The Acadia uses computer-generated active noise cancellation to help remove annoying noise and vibration from the passenger compartment, especially at low frequencies. The GLS doesn’t offer active noise cancellation.
The Acadia has .7 inches more front legroom, .9 inches more front shoulder room, 1.2 inches more rear legroom, .4 inches more rear shoulder room and 3.8 inches more third row shoulder room than the GLS.
To make loading groceries and cargo easier when your hands are full, the Acadia Denali’s liftgate can be opened and closed just by kicking your foot under the back bumper, leaving your hands completely free. The GLS doesn’t offer a hands-free gesture to open its liftgate, forcing you to put cargo down if your hands are full.
To improve rear visibility by keeping the rear window clear, the Acadia has a standard rear fixed intermittent wiper with a full on position. The rear wiper standard on the GLS only has an intermittent setting, so in a hard rain visibility isn’t as good.
The Acadia has a standard dual zone air conditioning allows the driver and front passenger to choose two completely different temperatures so people with different temperature preferences won’t have to compromise. This makes both the driver and front passenger as comfortable as possible. Dual zone air conditioning costs extra on the GLS.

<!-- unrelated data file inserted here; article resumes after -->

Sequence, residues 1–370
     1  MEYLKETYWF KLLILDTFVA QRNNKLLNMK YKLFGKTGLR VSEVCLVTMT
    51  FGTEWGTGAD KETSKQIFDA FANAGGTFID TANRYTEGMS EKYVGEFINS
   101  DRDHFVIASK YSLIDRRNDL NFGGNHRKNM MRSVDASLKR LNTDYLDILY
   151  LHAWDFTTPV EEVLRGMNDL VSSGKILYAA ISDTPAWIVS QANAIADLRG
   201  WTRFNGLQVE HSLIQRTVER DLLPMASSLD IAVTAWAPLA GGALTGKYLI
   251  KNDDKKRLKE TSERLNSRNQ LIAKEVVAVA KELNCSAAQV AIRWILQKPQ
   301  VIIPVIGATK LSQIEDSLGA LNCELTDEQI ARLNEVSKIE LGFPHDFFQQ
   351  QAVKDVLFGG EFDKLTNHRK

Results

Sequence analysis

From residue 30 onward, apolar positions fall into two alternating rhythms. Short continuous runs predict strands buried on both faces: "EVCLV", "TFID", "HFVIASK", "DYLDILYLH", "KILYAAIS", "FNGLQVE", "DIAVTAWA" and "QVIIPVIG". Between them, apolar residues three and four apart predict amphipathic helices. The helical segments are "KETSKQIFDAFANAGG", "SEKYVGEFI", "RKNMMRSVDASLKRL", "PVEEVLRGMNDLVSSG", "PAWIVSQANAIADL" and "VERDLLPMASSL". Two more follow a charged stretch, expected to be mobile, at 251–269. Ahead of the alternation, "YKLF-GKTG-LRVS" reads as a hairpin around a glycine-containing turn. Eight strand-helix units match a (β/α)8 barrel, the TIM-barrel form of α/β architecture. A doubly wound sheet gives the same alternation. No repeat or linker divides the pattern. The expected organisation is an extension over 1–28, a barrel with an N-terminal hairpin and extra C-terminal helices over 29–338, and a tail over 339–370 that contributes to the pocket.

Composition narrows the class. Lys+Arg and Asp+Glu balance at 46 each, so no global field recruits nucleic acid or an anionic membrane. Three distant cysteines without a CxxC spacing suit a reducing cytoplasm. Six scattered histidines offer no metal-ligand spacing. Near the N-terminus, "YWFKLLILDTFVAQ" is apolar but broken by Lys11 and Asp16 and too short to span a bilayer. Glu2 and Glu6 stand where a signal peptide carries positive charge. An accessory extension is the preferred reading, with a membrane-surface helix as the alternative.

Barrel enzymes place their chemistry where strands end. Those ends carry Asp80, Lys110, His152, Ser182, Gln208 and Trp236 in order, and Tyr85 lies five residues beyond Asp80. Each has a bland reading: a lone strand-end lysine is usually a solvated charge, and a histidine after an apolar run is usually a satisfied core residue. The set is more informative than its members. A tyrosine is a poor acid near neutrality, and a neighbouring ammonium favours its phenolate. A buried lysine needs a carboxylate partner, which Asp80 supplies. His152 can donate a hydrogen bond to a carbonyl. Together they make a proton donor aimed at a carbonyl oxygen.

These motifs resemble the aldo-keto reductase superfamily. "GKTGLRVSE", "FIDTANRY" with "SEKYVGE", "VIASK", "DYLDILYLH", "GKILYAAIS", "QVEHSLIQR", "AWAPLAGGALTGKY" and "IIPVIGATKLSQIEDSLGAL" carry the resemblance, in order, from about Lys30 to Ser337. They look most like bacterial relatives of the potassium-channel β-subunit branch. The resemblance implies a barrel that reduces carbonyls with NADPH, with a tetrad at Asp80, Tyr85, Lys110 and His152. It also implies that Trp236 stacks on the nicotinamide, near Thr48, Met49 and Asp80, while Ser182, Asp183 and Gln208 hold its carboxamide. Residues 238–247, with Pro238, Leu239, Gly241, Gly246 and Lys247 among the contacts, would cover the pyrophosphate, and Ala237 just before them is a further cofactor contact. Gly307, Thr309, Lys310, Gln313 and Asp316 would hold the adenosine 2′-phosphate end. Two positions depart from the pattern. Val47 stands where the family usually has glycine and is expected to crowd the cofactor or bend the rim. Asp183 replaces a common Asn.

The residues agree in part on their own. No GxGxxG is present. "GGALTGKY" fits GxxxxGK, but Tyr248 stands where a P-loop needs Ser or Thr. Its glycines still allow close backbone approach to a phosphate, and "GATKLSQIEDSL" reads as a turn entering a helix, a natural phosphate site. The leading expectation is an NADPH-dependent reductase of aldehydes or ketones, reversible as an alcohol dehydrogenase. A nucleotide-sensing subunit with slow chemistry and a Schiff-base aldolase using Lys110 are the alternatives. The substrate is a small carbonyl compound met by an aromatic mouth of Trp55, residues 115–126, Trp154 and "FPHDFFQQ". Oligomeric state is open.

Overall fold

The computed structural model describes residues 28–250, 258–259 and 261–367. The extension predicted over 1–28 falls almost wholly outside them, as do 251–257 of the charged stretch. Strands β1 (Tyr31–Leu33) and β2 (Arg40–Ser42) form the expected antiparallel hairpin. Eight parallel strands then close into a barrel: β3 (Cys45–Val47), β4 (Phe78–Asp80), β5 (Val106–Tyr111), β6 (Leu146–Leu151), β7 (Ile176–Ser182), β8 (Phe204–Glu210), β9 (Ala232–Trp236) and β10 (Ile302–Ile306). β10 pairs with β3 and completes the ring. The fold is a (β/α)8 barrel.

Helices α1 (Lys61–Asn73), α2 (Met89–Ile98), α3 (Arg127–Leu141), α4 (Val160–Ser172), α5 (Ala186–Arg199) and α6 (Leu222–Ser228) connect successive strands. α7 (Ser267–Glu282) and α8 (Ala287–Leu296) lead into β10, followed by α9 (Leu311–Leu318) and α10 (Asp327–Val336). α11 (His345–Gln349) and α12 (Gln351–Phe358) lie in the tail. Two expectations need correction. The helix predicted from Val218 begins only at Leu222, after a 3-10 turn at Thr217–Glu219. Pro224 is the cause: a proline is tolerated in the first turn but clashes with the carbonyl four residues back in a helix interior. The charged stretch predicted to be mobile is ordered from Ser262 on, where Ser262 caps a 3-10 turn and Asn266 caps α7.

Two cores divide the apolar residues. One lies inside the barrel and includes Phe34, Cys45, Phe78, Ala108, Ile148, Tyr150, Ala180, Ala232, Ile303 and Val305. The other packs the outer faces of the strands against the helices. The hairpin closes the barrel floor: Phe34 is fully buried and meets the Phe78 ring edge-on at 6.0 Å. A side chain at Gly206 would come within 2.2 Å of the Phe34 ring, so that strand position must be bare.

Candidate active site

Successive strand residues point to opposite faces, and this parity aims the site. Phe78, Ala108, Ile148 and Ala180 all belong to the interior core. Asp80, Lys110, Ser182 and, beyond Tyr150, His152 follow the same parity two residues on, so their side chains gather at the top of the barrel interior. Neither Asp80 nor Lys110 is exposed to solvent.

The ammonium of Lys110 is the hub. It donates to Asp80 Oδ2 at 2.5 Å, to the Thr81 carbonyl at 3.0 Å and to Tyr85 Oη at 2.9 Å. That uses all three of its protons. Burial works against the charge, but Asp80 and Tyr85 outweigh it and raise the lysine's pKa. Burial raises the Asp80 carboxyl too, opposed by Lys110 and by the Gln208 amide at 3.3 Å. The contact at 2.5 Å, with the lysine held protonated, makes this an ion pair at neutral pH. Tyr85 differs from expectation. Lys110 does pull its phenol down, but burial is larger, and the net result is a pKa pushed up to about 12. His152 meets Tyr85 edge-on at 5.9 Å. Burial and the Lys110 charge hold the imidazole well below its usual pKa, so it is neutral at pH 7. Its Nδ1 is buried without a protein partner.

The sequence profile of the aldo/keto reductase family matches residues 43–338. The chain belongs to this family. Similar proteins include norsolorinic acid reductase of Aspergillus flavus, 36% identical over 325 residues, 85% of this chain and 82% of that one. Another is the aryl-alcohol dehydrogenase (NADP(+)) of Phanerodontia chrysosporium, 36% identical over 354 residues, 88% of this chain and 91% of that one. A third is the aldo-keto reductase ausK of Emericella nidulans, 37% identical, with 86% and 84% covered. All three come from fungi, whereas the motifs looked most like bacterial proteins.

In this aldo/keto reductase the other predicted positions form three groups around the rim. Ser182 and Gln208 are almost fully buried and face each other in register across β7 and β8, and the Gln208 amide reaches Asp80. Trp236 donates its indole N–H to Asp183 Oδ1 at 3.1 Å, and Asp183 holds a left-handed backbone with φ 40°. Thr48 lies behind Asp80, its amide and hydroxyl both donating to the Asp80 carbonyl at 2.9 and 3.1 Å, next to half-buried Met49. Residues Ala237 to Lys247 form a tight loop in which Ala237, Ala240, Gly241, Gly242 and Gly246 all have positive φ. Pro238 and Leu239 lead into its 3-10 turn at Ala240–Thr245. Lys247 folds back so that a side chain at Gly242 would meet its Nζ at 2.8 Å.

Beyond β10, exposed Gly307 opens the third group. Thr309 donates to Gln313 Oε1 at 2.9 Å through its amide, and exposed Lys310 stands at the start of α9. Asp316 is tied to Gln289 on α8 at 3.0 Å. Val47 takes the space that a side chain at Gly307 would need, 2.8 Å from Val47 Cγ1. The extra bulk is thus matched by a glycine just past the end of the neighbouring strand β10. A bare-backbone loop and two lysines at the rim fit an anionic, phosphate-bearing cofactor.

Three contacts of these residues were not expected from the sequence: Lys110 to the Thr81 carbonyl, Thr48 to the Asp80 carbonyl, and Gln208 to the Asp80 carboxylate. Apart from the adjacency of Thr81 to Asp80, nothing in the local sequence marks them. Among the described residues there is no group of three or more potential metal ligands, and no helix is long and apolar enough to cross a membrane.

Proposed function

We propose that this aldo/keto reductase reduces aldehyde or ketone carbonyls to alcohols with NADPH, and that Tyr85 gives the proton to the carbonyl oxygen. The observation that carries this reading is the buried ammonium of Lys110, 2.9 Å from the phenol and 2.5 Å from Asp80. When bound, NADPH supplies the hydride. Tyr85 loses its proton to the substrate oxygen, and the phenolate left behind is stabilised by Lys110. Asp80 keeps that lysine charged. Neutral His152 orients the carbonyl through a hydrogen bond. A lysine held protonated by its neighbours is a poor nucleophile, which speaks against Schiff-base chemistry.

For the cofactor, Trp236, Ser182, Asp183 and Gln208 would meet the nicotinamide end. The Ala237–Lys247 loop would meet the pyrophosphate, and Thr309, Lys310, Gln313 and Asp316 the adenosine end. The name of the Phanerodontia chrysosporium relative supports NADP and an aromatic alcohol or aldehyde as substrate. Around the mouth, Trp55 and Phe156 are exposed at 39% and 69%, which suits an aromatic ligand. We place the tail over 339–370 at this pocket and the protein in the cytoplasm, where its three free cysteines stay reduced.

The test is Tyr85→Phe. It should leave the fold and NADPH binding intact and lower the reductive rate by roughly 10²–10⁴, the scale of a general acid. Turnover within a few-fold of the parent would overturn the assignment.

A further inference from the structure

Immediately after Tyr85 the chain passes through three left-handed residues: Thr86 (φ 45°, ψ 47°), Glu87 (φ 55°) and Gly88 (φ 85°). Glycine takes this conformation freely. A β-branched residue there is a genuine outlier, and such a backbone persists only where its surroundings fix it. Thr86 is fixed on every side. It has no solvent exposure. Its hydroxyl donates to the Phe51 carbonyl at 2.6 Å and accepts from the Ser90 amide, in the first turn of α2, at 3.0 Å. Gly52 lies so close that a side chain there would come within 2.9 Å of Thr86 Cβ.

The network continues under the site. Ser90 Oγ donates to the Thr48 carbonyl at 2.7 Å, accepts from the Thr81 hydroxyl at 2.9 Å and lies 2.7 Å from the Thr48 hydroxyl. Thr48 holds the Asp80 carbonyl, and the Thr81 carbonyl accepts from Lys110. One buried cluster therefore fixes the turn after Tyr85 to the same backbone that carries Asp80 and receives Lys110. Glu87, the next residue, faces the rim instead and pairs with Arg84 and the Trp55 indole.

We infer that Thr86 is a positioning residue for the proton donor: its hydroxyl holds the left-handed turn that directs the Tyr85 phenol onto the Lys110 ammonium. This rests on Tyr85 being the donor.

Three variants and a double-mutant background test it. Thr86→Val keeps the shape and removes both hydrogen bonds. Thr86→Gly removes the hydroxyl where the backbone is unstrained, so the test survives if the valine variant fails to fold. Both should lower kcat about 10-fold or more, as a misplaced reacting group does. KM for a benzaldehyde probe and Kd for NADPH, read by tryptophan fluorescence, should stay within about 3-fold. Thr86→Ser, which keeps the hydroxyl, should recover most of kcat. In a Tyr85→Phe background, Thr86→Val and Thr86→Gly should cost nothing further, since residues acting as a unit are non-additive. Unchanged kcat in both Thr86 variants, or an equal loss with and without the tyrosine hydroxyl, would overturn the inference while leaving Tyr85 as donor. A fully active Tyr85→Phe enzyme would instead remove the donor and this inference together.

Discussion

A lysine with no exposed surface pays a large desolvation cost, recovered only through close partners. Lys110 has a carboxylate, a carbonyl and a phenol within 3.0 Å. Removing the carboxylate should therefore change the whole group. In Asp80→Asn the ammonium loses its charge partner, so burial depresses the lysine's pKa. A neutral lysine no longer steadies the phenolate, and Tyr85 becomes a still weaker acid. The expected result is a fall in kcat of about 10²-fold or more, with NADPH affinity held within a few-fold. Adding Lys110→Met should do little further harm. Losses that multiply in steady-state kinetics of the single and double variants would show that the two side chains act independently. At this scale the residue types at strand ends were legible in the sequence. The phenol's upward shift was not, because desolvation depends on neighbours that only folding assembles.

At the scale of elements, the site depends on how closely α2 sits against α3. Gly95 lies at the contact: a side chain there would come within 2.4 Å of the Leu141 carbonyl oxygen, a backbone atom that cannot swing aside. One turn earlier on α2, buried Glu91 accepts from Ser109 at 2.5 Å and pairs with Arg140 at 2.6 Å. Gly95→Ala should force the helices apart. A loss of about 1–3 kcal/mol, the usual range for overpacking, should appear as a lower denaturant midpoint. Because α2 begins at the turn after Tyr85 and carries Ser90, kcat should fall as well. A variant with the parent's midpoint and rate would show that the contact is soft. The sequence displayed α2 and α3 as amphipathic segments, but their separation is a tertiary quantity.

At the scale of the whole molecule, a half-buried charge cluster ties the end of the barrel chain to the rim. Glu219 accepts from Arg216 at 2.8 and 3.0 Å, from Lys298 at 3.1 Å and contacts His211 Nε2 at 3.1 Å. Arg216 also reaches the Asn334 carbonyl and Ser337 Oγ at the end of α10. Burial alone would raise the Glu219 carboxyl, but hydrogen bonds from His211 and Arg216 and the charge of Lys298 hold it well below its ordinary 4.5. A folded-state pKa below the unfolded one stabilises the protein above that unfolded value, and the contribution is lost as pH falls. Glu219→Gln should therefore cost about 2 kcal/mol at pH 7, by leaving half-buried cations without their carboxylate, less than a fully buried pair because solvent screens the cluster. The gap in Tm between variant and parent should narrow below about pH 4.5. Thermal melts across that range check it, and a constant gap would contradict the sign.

The Acadia is available in both front-wheel drive and four-wheel drive configurations. The GLS doesn’t offer a two-wheel drive configuration.
Insurance will cost less for the Acadia owner. The Complete Car Cost Guide estimates that insurance for the Acadia will cost $1875 to $8780 less than the GLS over a five-year period.
According to The Car Book by Jack Gillis, the Acadia is less expensive to operate than the GLS because typical repairs cost much less on the Acadia than the GLS, including $338 less for a water pump, $172 less for a muffler, $30 less for front brake pads, $304 less for a starter, $261 less for fuel injection, $47 less for a fuel pump, $305 less for front struts and $104 less for a power steering pump.
IntelliChoice estimates that five-year ownership costs (depreciation, financing, insurance, fuel, fees, repairs and maintenance) for the GMC Acadia will be $37928 to $72041 less than for the Mercedes GLS.
The GMC Acadia outsold the Mercedes GLS by over four to one during 2018.
© 1991-2018 Advanta-STAR Automotive Research. All rights reserved.